The key to a healthy life is everything in balance. Even an excess amount of a good thing can be dangerous. However, a new study published this past Friday says that there is one exception to that rule: exercise. The study found that any cardiovascular fitness routines help provide a longer and healthier life.
Of course, the notion that exercise is good for health may seem common sense, however, recently, researchers found that elite athletes along with others who partake in heavy exercises could have a higher risk of certain heart conditions than those on average. The symptoms include irregular heartbeats, thickened heart valves, and clogged arteries. Should these conditions occur, it could lead to an increase in the possibility of the athlete going into sudden cardiac death. That, along with other possible heart complications.
With this evidence in mind, some researchers thought any adverse effects from exercise follow a U-curve. This research means, either too much or too little activity can damage the heart, therefore, shortening your life. Most of the research previous relied on self-reported data. This data seemed to only look into the short-term health outcomes according to the researchers behind the current study.
For their research, the team analyzed long-term data from their medical center, the Cleveland Clinic. The researchers reviewed over 120,000 patients, whose average age is 53, and who took an exercise test on a treadmill at the clinic between the years 1994 and 2014. Through the test results, researchers were able to glean objective measures of the overall fitness of the subjects. With the additional help of medical and social security records, they could tell if and when the patients died.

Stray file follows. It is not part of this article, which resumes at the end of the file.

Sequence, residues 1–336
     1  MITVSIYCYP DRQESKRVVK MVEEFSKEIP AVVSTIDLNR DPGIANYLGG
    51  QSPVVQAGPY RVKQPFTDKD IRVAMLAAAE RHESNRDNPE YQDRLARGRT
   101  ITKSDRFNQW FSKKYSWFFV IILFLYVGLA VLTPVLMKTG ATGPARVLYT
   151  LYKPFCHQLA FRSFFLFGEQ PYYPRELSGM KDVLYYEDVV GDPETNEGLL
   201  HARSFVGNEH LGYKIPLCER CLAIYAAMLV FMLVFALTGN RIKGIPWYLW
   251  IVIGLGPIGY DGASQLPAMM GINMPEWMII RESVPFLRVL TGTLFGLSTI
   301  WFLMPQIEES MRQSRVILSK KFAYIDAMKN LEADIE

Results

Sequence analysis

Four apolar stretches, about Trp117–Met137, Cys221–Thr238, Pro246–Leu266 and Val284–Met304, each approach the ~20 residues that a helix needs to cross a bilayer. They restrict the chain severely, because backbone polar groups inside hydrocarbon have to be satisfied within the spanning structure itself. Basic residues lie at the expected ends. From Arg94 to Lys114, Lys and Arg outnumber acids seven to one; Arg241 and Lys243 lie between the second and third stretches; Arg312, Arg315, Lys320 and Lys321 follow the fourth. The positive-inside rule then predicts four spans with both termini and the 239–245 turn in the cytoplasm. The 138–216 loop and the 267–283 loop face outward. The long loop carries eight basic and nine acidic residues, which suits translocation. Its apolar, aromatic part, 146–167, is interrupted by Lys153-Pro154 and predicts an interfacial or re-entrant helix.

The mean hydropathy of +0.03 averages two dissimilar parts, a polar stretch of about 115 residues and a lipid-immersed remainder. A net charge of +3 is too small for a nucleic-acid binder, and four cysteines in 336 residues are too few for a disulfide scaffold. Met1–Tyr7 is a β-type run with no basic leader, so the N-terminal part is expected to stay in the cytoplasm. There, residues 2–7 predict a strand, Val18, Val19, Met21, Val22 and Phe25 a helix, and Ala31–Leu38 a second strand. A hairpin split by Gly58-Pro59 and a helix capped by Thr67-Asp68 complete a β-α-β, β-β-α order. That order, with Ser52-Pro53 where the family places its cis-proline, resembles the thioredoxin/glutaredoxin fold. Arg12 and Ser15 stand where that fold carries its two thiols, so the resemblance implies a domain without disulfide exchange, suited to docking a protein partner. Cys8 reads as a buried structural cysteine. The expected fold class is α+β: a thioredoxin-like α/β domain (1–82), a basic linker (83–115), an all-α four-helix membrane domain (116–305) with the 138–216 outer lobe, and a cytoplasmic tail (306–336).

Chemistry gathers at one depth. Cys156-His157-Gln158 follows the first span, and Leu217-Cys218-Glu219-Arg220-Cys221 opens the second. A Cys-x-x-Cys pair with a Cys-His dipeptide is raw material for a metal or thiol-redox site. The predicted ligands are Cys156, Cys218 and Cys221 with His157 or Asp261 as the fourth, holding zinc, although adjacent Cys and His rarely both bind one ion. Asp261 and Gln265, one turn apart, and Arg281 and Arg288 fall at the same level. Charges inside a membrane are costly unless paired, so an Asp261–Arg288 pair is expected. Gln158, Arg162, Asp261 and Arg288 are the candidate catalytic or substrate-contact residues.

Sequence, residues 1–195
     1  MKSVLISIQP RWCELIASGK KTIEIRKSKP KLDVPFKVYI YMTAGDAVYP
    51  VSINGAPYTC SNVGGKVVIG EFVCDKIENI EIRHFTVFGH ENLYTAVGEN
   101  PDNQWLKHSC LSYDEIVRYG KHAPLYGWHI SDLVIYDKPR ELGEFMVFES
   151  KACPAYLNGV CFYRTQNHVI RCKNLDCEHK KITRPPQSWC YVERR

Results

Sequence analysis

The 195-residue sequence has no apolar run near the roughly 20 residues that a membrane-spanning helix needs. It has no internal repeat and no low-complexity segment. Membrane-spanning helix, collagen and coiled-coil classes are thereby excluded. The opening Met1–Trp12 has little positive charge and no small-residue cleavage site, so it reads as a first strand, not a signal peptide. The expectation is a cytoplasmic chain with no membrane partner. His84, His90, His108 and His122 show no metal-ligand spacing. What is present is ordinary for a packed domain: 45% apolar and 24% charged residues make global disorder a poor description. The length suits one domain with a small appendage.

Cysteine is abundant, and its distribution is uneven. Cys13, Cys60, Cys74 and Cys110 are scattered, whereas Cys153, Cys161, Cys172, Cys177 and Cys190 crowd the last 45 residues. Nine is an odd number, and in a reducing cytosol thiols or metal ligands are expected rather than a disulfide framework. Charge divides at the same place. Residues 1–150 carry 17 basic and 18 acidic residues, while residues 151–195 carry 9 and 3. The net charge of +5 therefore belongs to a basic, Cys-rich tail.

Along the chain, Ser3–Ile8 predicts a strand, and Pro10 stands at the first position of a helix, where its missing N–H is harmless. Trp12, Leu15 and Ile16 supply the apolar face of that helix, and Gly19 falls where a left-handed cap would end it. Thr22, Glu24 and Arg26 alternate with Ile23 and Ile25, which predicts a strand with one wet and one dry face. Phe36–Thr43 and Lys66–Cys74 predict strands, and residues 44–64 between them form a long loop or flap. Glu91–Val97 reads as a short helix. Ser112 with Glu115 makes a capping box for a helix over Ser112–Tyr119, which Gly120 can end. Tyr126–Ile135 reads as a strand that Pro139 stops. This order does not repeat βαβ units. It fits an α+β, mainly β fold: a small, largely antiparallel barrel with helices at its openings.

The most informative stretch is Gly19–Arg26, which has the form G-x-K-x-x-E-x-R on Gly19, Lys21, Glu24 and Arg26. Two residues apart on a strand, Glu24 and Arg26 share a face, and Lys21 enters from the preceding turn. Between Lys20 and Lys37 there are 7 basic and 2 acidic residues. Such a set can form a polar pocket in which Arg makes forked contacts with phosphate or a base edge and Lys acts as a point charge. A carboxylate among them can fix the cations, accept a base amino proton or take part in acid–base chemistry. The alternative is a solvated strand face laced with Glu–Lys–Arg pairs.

New Research Examines U-Curve of Exercise Benefits
Of the 120,000 patients, nearly 13,500 had died by the end of 2017. According to the study authors, the more fit someone was, the less likely they were to have died earlier. Even when the benefits of exercise did begin to taper off, elite athletes only being in slightly better health than merely high-active people, research shows there to have been no upper limit of benefit.
While it isn’t much of a surprise, elite athletes tended to have longer lives than others on average. Compared to those with the lowest fitness, researchers estimated elite fitness to be associated with 80% reduction in the risk of death. Effects of elite exercising were found elevated in older people and those with higher blood pressure. That’s not to say, however, that exercise is only for those training for a marathon.
According to other studies, any level of regular exercise is a benefit to you in the long run. Not only does it help you live longer, but it also helps with the quality of your life through the end. The current study also shows that those with lower than average levels of fitness were more likely to have a longer life than those with the worst fitness. The authors estimate that poor fitness raises the risk of dying by the same degree as other large risk factors. These other factors include cardiovascular disease or smoking.
So while the more exercise you do, the better, know it’s OK only to do as much as you’re able.